When I reached Lake 1306m, I got a surprise. There was no way I could get on the northwest ridge without some serious exposed scrambling. The alternative solution would be to cross the river, follow Lake 1306m's north shore, cross the drain from Lake Paulvatni and attempt Baksafjellet further east. I did not feel for getting involved with two river crossings and decided to explore the terrain some more.
I was able to get past the steep cliffs below the northwest ridge. There were 3 places that called for caution. Nothing difficult, but the passages were icy and narrow. If I slipped, I would end up in the lake. An overhang caused some problems, as my ice-axe (strapped to the backpack) got jammed in the overhang. The pause caused Troll to think that he should leave the backpack, and I was busy trying to unlock the ice-axe while keeping Troll in the backpack. A very awkward situation, to say the least.
Once past these obstacles, I had a very steep mountain ahead of me. The tension persisted as I wondered if I would be able to get back to the northwest ridge. I did. The terrain did not cause any additional problems and by 12:40PM, I was standing on Baksafjellet summit. The problems with icy rocks diminshed now that the sun was rapidly melting the ice. Troll hadn't quite earned a lunch-box, but he was going to. No doubt about it. My shoulders were aching. I took my usual summit pictures while Troll enjoyed his lunch. I had shown amateaur talent prior to this hike and had forgotten food and the hiking sweater back home. Being very focused on my upwards, I also forgot to fill water from the river. I was able to find a icy rock on which the sun was shining. After a while (drop by drop) I had enough water to satisfy some of the thirst.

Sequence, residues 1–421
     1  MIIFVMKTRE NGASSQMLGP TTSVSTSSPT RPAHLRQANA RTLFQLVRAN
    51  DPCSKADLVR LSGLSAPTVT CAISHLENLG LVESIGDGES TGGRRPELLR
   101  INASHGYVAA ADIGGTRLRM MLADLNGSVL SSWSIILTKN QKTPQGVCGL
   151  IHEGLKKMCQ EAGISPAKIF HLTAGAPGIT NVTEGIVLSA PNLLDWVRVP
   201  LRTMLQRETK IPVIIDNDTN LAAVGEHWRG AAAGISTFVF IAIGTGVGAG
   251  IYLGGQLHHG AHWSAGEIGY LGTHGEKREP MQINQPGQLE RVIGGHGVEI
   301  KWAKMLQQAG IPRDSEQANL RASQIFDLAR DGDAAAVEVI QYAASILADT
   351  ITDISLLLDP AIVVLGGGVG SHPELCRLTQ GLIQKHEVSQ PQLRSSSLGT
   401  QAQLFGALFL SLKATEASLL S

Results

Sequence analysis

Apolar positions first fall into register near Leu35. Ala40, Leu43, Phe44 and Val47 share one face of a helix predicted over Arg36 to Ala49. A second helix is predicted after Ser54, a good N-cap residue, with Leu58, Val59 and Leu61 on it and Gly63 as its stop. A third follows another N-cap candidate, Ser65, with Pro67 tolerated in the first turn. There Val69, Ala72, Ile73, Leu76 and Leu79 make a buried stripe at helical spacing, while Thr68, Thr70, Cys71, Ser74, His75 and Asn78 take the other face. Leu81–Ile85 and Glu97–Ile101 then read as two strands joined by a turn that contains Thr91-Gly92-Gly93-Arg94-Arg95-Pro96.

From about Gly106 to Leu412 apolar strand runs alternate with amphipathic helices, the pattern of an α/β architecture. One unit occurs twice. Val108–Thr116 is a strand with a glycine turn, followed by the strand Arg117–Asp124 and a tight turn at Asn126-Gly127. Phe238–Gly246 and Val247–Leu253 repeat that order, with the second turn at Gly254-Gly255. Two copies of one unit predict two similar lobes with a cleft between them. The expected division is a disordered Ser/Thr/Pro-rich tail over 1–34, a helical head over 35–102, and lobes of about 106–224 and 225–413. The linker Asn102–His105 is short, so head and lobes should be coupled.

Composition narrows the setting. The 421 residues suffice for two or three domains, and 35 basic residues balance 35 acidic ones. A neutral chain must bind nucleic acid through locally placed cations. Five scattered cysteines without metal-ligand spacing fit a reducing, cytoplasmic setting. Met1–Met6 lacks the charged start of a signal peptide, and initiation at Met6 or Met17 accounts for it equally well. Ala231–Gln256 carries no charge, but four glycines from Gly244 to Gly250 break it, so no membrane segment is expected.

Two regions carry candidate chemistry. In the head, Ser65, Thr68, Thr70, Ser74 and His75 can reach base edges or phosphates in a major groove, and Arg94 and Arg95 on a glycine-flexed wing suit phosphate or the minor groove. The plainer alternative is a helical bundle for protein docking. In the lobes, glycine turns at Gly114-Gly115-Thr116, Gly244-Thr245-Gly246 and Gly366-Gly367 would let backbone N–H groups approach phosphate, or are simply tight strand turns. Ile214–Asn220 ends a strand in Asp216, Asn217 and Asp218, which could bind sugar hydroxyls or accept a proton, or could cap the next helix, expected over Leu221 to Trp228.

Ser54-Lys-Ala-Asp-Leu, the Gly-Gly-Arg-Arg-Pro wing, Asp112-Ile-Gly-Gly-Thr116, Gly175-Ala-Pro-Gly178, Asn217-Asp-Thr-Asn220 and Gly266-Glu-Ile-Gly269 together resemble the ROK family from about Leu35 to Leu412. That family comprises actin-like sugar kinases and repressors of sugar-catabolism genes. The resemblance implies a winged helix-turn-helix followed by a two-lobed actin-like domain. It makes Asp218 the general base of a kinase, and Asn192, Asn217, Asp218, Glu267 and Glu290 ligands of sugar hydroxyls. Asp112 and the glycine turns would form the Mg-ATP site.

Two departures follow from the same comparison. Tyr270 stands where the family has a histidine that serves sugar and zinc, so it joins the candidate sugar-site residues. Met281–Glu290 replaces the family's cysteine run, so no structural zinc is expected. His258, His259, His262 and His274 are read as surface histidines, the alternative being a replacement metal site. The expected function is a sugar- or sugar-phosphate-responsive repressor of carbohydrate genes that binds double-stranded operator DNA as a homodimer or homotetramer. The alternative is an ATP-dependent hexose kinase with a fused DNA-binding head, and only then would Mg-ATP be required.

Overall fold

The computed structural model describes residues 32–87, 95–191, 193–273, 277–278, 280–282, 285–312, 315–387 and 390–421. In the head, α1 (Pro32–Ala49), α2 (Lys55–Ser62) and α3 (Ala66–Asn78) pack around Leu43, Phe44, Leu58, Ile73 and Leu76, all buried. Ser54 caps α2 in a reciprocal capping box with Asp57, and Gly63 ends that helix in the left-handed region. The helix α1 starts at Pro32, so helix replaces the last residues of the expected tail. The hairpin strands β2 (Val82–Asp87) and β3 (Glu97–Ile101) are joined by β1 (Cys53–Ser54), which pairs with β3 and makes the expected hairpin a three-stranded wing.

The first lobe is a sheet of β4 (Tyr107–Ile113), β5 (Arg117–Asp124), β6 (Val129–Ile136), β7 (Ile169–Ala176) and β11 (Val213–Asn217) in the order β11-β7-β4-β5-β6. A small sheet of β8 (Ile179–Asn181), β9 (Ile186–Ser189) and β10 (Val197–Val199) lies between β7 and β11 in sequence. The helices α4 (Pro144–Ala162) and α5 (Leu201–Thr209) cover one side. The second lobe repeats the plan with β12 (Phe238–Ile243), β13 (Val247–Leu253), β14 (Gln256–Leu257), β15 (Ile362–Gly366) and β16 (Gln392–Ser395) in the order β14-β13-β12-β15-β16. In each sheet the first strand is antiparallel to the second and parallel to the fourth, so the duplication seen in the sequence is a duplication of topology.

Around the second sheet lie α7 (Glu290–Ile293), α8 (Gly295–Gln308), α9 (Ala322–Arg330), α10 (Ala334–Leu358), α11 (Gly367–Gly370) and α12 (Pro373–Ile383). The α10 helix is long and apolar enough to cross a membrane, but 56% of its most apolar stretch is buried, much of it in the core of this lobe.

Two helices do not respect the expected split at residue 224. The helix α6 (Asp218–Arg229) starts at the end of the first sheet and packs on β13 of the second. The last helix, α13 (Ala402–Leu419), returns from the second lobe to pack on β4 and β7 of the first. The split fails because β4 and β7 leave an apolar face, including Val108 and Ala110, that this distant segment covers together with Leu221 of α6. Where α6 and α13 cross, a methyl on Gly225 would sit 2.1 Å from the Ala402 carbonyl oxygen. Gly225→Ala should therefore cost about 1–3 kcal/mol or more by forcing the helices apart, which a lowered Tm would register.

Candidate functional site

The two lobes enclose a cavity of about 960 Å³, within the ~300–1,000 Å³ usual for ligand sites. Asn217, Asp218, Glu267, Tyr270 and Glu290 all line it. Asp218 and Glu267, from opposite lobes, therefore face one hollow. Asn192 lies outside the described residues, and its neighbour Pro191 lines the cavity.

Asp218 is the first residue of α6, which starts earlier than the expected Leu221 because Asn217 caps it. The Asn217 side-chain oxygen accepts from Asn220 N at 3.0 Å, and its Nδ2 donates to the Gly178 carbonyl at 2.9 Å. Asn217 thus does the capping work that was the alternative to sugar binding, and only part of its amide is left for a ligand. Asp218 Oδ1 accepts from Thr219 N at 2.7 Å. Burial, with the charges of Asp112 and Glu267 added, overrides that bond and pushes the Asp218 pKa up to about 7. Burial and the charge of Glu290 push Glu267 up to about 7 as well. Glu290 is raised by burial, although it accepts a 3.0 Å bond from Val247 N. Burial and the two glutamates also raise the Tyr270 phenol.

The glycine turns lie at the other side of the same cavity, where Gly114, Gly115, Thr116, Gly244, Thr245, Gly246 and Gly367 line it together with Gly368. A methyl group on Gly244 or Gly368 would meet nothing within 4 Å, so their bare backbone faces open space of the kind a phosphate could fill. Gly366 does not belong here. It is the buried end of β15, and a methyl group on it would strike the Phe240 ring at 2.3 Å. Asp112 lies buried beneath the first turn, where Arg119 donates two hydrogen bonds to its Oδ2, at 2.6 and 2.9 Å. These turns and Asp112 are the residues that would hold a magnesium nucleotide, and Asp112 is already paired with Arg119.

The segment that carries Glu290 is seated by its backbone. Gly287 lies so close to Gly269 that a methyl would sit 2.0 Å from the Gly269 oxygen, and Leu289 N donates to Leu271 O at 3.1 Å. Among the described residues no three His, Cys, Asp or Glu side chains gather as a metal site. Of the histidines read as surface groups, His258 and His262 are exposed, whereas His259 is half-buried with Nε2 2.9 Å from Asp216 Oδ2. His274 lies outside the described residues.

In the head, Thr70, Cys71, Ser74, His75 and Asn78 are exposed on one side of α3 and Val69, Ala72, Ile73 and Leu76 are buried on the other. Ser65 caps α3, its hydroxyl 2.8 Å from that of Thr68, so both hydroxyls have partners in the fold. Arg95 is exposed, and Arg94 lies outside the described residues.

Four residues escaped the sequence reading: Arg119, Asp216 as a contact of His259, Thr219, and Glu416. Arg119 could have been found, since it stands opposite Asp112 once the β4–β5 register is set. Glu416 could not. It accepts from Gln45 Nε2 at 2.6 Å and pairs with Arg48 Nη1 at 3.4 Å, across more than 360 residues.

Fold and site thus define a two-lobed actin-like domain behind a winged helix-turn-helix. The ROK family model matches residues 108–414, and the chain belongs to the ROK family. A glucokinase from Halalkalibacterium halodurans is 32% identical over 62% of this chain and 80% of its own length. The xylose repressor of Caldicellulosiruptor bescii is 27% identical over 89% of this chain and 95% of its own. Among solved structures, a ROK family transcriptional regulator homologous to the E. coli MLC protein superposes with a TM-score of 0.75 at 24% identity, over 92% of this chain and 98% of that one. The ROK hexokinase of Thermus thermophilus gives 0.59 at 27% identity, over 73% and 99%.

The summit was cold and the summit cairn told a story about recent rough weather. I had to put on gloves, hat and a wind jacket. This was more winter than autumn. It had taken me 2h:40m to the top, and I had to think about the descent. My train left 17:10PM and I'd better be there. Including Ruvlenuten on my trip had priority, and I figured I had sufficient time. 13:00PM, I put Troll in the backpack and descended Baksafjellet quickly towards Vossaskavlen.